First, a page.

Then something happened unexpectedly within me, or rather several things happened which I see now as grace: I forgot my fear and mingled with the booming of the exploding fireworks heard clearly the children expressing their delight and excitement, the adults too; at that height the marvelous kaleidoscope of  colours and shapes often seemed to be opening like huge arms inviting an embrace and I found myself filling with gratitude that I live in such a marvelous country, in such freedom while simultaneously being aware of He who IS Light from Light, who calls us to be, tells us we ARE, the light in the world.

After the show was over and we were preparing to leave my daughter-in-law and I had a brief chat and she looked at me, radiating love and beauty and said about my fear of heights – though my heart heard it as a word about all fear: “You have to let it go.”

It strikes me as a bit of a paradox that to overcome fear of heights I have to allow myself to be lifted up!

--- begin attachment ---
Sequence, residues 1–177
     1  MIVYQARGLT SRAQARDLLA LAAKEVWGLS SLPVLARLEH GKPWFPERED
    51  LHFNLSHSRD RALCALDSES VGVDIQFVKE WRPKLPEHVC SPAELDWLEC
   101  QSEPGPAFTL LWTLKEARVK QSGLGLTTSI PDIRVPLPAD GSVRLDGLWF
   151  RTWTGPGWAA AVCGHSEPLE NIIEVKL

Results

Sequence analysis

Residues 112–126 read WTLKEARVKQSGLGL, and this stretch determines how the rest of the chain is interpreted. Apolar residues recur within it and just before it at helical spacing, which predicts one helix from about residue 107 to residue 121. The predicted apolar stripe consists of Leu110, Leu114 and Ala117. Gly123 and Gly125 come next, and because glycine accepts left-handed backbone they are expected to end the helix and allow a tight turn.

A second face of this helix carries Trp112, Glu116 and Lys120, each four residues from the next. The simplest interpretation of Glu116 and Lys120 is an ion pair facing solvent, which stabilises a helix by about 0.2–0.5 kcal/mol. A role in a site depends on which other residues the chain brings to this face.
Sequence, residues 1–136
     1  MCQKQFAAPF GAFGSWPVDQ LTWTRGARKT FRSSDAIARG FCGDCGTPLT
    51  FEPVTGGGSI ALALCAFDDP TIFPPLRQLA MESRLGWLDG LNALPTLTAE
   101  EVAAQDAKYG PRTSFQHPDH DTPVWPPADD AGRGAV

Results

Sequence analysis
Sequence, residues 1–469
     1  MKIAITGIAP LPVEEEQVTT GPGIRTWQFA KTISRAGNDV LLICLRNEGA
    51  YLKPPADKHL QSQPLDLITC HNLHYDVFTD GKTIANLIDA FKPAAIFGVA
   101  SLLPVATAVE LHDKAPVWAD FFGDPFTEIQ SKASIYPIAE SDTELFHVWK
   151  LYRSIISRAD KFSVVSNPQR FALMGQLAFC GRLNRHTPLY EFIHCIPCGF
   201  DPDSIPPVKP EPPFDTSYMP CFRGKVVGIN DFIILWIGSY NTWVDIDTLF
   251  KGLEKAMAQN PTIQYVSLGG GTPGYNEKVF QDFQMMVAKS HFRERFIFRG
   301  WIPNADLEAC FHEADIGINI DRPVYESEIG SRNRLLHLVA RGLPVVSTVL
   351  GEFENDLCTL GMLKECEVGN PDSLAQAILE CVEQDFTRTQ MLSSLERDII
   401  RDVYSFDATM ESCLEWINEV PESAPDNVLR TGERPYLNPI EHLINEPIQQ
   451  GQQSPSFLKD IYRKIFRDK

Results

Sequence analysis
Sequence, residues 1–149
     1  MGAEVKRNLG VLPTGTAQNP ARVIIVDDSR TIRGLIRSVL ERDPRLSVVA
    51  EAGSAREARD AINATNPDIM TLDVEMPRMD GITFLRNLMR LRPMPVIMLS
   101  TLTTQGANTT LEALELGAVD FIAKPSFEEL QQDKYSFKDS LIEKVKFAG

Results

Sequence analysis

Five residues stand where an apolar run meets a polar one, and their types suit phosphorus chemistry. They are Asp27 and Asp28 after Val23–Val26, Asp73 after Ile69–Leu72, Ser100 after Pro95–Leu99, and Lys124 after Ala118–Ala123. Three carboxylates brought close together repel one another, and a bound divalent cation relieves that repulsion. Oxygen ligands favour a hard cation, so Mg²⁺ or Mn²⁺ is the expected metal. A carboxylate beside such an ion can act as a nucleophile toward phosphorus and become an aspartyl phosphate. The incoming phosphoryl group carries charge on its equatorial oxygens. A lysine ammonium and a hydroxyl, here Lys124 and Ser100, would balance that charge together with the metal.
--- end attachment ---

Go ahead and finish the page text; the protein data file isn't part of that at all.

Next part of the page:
Lifted up as a little child, by Him, into His arms to be held next to His beating Heart.

Lifted up to be with Him on the Cross, the meeting place between us and the Divine Bridegroom.

This lifting up includes a willingness to lift up our hands in prayerful supplication, to lift up our hands to receive Light Himself in Holy Communion whereby His Risen Glorious Light permeates our beings more marvellously than those fireworks lit up the sky.

As the Apostle reminds us “…we, with our unveiled faces reflecting like mirrors the brightness of the Lord, all grow brighter and brighter as we are turned into the image that we reflect; this is the work of the Lord who is Spirit.” [2Cor.3:18]